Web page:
Tell us about the work it allowed you to make. What's the work about? Is it complete? The bursary enabled us to make a major body of work about the Fennoscandian section of the European Green Belt. The European Green Belt is an area of land that spans the breadth of Europe from the Barents Sea to the Black and Adriatic Seas. It traces the boundary of the former Iron Curtain from north to south. For nearly five decades, this space was an out-of-bounds no-man’s land dividing east from west. This corridor enabled wildlife to flourish. Today much of the route is connected through national parks, biospheres and nature reserves. The project aims to explore and document the interplay between human activity and wildlife on a specific but vast stretch of land that comprise the European Green Belt, and in turn, how nature has reclaimed the land during and since the Cold War era.
The first chapter of the project is complete and I have just returned from making the next phase in Poland, Germany and the Czech Republic. There will be another trip later this year across the Balkans and Turkey which will comprise the final chapter.
What did winning the grant mean to you and your work? Winning the grant from The RPS was such an honour. It’s an organisation with a long and established history and they have supported thousands of photographers over many years. It felt like a vote of confidence in my work and in the idea.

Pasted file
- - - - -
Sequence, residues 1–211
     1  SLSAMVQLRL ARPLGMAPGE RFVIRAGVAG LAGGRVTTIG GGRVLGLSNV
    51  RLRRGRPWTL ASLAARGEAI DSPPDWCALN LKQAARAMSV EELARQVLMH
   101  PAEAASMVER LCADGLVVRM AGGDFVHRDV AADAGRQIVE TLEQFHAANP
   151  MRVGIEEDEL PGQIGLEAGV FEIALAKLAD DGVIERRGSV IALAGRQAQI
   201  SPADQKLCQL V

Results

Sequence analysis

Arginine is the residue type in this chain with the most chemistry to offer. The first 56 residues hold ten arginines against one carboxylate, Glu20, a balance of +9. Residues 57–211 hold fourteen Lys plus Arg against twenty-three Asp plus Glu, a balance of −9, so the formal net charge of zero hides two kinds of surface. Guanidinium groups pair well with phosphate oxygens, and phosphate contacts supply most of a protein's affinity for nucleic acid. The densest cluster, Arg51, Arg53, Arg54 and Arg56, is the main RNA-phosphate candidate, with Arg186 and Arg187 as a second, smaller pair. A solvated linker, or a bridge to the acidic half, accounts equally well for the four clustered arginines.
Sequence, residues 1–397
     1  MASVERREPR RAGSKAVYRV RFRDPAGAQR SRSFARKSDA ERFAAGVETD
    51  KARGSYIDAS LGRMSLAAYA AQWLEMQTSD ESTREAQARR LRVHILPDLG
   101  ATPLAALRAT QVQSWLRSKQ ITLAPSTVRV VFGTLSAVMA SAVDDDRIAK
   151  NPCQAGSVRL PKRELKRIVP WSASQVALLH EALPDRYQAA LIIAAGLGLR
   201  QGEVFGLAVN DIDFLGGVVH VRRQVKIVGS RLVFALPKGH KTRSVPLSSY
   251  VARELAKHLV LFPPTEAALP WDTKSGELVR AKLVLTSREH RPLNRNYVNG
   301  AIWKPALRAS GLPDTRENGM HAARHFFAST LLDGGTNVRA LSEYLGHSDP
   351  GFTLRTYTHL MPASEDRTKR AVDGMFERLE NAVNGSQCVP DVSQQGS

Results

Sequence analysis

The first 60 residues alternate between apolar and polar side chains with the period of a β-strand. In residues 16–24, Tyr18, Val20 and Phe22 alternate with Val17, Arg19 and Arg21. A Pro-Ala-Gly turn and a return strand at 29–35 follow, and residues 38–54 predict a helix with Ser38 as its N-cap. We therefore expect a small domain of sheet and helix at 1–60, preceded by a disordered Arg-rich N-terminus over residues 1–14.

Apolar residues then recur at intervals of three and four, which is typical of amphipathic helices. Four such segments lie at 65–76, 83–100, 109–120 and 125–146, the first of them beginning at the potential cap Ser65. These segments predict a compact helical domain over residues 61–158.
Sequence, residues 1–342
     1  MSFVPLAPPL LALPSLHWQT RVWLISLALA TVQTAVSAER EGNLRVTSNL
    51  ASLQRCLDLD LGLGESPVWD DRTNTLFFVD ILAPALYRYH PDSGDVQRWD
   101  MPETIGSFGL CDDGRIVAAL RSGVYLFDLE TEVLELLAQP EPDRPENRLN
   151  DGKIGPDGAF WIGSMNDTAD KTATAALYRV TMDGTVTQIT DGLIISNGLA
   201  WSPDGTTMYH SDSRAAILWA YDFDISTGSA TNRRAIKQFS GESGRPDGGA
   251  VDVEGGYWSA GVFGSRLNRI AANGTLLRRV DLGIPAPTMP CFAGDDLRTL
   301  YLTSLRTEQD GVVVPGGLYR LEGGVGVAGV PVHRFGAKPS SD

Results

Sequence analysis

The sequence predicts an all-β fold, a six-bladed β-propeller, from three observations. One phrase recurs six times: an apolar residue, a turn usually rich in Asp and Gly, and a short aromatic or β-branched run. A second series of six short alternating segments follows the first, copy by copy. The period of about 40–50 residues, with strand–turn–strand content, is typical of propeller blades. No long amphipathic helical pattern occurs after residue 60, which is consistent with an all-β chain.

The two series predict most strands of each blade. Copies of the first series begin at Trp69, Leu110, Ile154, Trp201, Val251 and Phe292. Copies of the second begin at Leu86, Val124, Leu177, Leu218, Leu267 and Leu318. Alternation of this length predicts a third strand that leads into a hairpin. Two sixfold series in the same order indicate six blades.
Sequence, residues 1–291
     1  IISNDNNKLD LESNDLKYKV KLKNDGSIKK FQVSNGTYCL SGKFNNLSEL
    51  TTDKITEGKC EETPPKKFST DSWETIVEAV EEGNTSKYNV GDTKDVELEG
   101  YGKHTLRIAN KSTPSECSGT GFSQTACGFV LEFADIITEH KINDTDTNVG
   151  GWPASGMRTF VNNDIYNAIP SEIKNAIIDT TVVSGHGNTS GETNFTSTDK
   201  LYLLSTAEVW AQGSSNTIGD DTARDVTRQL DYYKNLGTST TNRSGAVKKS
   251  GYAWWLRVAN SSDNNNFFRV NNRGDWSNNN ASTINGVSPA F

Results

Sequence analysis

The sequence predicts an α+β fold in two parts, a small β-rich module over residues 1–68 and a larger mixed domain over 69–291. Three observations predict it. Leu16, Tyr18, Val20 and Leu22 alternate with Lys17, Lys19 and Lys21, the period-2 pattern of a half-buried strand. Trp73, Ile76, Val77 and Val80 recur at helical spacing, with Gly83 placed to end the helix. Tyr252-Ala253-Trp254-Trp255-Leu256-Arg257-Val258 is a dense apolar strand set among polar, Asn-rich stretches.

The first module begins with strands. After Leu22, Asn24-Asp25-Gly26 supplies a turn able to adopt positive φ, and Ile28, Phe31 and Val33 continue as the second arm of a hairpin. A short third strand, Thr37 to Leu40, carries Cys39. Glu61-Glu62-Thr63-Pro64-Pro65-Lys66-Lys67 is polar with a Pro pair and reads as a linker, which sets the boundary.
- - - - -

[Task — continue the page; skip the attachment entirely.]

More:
Though it wasn’t publicly announced until the award ceremony in September 2016, it was shortly after the EU Referendum that we received news that we had won the backing to make this project. It felt very timely. On a personal level I felt disturbed by the results of the referendum. Receiving news of the bursary at that particular juncture provided a genuine sense of hope. It felt like an opportunity to channel some of the feeling of chaos I was experiencing into making work that would involve traversing the European continent, crossing many borders, encountering different people and places, and being given an opportunity to create something hopeful.
What encouraged you to apply for the Environmental Bursary in particular? It was the idea more than anything that lead to this application. It was Carl who suggested applying for this particular bursary when I told him about the idea. The Environmental Bursary seemed like a good fit for the project. I had never particularly considered myself to be a landscape or environmental photographer. I’m interested in connections between people and places, histories of the land and environment, the presence of history and the impact of a place on human experience.